Marina Raskova’s Polikarpov Po-2


Marina Raskova/Night Witches Bomber Regiment


Polikarpov Po-2 Biplane


Can evade any early detection system, cannot be shot and is able to deliver a series of concussive airstrikes


Prone to getting damaged, dangerous to operate



Collected by

Warehouse 13





Date of Collection

March 14, 2011



Marina Raskova was a pilot in the Soviet Air Force when she left her singing career for work in chemistry and aeronautics. She set several long distance records at the time, including when she bailed from her aircraft and survived eight days in the wilderness. When World War II began, she used her personal connections to Stalin to help her establish three regiments that would accept female pilots and engineers.

One, the 46th Taman Guards Night Bomber Aviation Regiment, remained all female during its existence. They bombed parts of Germany with Polikarpov Po-2 biplanes, aircraft meant for practice runs and crop dusting. Since they were small and slow, pilots had to go on multiple bombing runs per night and perform intense aerial maneuvers. However, most German warplanes were unable to match the Polikarpov’s speed and target them. This, along with their near complete silence, led German soldiers to likening the planes to broomsticks, and calling their pilots “Night Witches”.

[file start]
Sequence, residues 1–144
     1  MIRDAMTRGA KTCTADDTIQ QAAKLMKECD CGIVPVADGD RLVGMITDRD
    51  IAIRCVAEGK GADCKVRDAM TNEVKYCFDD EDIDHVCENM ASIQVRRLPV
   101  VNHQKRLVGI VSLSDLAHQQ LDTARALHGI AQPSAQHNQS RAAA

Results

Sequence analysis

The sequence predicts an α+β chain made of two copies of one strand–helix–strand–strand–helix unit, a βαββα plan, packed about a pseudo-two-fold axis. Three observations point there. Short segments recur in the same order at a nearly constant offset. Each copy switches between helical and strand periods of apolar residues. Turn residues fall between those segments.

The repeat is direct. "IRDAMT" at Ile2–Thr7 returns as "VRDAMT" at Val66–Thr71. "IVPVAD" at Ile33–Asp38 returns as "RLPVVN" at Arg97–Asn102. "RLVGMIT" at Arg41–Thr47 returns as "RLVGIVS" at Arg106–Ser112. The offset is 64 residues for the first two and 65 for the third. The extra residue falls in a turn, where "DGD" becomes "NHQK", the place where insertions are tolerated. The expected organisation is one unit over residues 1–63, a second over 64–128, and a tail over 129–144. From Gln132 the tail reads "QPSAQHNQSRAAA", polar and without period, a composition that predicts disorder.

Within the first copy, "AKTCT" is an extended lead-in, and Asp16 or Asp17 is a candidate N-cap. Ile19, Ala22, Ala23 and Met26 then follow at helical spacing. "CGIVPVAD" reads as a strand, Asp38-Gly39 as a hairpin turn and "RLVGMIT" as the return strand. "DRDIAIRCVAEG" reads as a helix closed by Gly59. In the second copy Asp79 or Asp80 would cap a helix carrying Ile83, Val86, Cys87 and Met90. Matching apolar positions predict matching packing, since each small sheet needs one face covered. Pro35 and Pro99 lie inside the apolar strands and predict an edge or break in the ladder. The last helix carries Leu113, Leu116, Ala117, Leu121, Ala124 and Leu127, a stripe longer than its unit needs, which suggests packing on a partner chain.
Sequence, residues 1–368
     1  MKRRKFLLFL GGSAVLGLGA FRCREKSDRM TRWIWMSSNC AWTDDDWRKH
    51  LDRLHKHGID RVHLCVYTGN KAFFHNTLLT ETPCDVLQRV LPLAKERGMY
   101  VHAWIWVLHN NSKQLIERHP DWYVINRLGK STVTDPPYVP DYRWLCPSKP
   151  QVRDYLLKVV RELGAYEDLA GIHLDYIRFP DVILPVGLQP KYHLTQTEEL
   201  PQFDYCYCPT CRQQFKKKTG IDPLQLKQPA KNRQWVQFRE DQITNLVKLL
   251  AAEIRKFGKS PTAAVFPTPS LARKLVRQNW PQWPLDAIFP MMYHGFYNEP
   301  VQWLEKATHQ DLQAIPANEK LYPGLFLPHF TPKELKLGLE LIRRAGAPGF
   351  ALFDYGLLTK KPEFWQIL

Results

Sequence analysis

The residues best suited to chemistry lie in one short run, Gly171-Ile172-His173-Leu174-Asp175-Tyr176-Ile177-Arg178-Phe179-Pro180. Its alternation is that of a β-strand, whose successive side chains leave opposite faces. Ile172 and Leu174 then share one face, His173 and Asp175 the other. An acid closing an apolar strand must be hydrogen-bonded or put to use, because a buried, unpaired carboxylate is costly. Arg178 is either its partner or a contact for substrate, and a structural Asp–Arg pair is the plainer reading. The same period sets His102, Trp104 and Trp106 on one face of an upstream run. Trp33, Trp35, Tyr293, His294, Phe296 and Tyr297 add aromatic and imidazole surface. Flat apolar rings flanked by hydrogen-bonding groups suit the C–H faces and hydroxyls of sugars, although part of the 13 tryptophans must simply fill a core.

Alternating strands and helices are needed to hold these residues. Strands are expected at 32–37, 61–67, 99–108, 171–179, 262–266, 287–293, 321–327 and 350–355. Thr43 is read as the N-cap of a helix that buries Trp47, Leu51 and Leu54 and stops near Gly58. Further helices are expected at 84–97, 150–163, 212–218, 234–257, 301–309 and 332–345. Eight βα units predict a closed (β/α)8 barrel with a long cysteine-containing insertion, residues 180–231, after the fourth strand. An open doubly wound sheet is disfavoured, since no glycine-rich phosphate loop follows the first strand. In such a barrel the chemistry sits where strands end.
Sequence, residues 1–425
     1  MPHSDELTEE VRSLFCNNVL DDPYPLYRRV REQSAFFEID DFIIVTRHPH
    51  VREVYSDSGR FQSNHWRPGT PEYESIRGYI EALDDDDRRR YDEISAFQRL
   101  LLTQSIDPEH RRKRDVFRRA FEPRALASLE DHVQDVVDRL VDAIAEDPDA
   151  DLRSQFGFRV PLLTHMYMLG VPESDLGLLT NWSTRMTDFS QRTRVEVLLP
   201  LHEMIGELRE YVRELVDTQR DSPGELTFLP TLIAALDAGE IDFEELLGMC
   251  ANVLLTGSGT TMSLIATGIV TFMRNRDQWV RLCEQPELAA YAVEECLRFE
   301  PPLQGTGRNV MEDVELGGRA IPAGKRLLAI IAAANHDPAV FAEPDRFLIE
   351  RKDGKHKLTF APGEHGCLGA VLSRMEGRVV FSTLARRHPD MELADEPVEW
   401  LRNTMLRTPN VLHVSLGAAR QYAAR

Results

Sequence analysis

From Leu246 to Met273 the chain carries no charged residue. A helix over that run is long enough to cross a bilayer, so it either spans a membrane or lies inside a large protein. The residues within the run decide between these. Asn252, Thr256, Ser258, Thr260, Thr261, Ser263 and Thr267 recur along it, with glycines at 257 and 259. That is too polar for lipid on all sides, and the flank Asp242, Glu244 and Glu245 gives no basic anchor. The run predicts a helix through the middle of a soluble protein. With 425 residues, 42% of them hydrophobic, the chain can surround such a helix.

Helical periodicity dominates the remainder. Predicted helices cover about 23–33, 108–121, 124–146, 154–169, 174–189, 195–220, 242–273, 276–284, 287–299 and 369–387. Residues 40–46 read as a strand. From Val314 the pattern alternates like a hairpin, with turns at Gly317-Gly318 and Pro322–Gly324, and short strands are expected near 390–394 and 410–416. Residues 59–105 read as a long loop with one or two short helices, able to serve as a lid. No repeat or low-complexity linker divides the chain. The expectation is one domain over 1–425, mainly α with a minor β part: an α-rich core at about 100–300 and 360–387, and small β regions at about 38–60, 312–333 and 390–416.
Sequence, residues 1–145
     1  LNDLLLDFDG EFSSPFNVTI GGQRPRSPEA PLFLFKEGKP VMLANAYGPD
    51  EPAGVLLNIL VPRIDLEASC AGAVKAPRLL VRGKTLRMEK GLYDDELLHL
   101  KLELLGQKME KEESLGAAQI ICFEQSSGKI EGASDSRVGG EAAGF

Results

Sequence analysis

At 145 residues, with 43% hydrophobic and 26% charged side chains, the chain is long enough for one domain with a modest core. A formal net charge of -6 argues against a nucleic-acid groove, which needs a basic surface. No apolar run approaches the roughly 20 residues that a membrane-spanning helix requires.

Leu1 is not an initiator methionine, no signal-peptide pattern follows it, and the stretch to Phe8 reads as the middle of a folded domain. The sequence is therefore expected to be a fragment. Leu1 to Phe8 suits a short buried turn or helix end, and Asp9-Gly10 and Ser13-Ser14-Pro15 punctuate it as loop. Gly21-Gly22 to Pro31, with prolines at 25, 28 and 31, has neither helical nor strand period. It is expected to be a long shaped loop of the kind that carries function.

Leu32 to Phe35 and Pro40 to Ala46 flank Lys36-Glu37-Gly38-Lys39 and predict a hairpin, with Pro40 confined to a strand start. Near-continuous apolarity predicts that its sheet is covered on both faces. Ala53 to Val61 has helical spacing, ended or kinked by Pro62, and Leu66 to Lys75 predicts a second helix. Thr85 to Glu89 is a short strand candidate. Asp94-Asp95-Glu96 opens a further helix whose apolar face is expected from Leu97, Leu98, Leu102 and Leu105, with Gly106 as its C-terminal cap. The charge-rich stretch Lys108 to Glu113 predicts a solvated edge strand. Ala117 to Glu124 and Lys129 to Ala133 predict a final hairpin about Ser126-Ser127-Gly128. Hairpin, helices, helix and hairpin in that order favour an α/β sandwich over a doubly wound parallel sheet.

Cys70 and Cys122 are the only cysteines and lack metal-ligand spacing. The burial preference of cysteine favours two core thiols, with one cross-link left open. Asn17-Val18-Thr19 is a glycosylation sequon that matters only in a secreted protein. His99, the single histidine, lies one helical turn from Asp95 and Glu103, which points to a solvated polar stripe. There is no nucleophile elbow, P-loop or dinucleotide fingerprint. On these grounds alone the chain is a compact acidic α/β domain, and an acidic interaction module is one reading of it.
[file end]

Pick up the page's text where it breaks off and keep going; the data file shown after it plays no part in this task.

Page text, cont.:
This biplane’s quiet presence during missions has evolved into evading all forms of early detection. Radar, heat sensors and even satellite imagery will be unable to pick up the plane’s trail. It cannot be shot out of the sky with standard air defense weapons and can quickly evade any aerial battle. Strapped to the bottom of the frame are six bombs, which can be delivered at the pilot’s discretion. Each bomb will create a small but powerful initial blast, followed by several more explosions seconds later. The plane itself is easily susceptible to wear and damage while in the air and in its hangar. It must be regularly repaired every couple months, otherwise it will become a hazard to operate and will fall apart midair.

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